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Invasion Game in MonoGame for Windows Phone 8

By , 5 Feb 2014
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Prize winner in Competition "Best Mobile article of October 2013"

Introduction  

Invasion is an open-source, 2D casual shooter game that has been around for almost 12 years. In July 2011, I ported Invasion from Managed-DirectX for Windows to XNA for Windows Phone 7. The latest version targeting WP7 runs just fine on Windows Phone 8, but the WP7 code won't build with VS2012 and the WP8 SDK because Microsoft doesn't support XNA development with them. So it is time to port Invasion once again and while I considered porting it to DirectX, Unity, or Cocos2d-X, I instead chose to first give MonoGame a try, because its API is closest to XNA's.

MonoGame is still in development and you have to keep that in mind when porting your game. Some XNA APIs are missing, others are quirky, and one class is rather problematic. But if you can work around those issues, MonoGame is a good option for porting your XNA WP7 games to WP8 and for building cross-platform games in general. This article explains what I did to port Invasion to MonoGame for WP8, what's changed in this version of the Invasion, and what still needs work - both in Invasion and MonoGame. I hope this article and the source code will help other developers more easily port their XNA/WP7 games to MonoGame/WP8 and get started creating new games with MonoGame for Windows Phone.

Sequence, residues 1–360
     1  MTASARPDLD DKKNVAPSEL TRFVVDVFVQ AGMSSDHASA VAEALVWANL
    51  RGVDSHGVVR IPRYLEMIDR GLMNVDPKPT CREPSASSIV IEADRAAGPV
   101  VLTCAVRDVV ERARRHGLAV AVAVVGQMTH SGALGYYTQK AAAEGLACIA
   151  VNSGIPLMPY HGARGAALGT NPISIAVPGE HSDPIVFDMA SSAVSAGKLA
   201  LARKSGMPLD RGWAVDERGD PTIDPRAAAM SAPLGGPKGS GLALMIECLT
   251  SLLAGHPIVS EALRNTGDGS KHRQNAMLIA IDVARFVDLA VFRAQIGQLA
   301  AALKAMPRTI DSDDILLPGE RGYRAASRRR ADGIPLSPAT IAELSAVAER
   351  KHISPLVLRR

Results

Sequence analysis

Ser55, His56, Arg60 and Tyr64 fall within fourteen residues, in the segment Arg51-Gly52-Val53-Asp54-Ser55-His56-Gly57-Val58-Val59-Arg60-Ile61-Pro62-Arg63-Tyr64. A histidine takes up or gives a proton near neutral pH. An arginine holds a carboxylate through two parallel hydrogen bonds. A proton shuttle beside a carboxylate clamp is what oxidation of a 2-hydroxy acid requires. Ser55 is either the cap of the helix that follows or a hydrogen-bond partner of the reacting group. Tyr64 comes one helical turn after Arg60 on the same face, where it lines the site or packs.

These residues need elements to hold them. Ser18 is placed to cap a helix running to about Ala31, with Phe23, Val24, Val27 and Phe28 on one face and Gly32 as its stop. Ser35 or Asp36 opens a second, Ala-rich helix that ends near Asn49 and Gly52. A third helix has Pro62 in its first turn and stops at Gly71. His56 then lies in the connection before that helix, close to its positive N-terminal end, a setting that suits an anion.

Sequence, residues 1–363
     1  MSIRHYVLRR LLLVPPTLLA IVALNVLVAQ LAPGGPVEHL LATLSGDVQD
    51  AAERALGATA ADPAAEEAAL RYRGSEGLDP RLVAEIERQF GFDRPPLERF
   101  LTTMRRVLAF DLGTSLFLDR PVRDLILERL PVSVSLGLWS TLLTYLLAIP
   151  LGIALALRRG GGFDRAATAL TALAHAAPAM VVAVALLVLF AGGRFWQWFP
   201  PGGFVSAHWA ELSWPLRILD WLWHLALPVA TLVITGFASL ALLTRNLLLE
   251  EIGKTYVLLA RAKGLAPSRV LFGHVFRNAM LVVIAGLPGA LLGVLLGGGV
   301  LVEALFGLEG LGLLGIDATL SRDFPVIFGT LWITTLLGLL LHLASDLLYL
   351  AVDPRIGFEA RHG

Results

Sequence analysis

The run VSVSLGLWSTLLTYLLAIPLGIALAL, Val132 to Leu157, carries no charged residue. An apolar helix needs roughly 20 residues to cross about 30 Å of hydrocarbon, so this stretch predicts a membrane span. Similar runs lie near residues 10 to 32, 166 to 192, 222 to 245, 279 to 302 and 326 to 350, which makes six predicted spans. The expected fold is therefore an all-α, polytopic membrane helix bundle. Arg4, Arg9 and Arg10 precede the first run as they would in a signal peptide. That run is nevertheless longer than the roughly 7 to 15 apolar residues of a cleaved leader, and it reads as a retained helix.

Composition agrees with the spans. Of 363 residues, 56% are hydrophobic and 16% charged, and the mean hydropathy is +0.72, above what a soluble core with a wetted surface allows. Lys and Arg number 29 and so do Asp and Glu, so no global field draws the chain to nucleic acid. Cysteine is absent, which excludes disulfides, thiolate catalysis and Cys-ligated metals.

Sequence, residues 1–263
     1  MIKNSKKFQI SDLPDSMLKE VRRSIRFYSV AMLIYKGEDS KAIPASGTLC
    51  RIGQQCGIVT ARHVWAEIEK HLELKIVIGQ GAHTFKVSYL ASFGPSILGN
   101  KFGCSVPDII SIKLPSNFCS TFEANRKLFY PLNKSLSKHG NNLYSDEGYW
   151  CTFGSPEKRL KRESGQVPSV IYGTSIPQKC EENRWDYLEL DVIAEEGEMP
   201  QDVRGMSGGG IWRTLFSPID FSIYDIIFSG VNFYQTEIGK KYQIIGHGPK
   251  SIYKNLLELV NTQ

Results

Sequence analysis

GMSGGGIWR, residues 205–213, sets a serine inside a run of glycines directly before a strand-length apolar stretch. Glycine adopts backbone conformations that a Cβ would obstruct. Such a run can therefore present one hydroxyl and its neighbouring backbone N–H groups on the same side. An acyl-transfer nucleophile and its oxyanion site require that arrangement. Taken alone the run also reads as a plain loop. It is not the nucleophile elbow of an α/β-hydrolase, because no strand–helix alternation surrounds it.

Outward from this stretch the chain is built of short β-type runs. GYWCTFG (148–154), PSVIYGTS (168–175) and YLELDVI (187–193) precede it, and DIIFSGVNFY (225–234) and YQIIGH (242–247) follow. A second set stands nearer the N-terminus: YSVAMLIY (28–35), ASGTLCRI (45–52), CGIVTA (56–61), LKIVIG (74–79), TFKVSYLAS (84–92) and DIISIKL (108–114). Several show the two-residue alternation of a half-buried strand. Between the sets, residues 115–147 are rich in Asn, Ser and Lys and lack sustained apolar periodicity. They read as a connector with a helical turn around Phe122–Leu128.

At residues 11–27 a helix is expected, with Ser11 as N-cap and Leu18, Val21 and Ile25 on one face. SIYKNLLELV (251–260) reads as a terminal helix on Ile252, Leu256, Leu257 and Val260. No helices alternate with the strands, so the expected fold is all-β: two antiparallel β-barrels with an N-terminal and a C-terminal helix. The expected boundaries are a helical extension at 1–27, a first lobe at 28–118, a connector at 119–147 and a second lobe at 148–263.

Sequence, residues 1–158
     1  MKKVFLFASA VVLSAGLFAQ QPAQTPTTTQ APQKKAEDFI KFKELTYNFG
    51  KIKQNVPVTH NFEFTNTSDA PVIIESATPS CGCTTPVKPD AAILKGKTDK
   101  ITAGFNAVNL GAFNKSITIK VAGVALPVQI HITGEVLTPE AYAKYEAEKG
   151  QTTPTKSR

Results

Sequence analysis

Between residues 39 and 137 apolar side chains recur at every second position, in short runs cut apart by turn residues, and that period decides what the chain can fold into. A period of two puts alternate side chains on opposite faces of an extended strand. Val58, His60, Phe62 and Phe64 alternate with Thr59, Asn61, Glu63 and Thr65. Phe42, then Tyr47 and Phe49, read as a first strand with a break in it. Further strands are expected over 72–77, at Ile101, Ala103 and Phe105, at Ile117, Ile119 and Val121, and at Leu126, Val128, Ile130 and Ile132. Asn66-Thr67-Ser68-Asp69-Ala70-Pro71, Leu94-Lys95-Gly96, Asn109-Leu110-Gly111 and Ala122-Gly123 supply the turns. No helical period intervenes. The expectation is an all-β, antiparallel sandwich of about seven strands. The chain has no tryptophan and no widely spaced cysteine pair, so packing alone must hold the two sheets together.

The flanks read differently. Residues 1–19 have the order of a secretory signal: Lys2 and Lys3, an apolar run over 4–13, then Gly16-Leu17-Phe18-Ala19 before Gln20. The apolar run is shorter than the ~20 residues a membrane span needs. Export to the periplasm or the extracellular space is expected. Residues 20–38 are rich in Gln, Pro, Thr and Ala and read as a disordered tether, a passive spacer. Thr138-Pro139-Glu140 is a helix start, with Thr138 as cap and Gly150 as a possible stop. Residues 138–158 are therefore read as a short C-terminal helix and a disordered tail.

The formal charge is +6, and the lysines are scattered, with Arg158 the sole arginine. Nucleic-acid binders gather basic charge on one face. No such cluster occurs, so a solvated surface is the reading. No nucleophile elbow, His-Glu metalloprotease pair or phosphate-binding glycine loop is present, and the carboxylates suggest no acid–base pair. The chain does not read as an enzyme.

Please remember to rate this article and if you Install Invasion from the Windows Phone Store, please Rate & Review Invasion there too - Thanks!

Background

In January 2002, Mauricio Ritter posted his "Invasion" UFO-shooter 2D game on CodeProject. It was originally written in C++/DirectX 6 and he ported it to DirectX 7 (using DirectDraw) for his CodeProject article. In 2003, Steve Maier ported Invasion to C# and Managed DirectX, the managed game SDK which Microsoft would cancel in 2005. Both of these legacy versions of Invasion ran on Windows XP.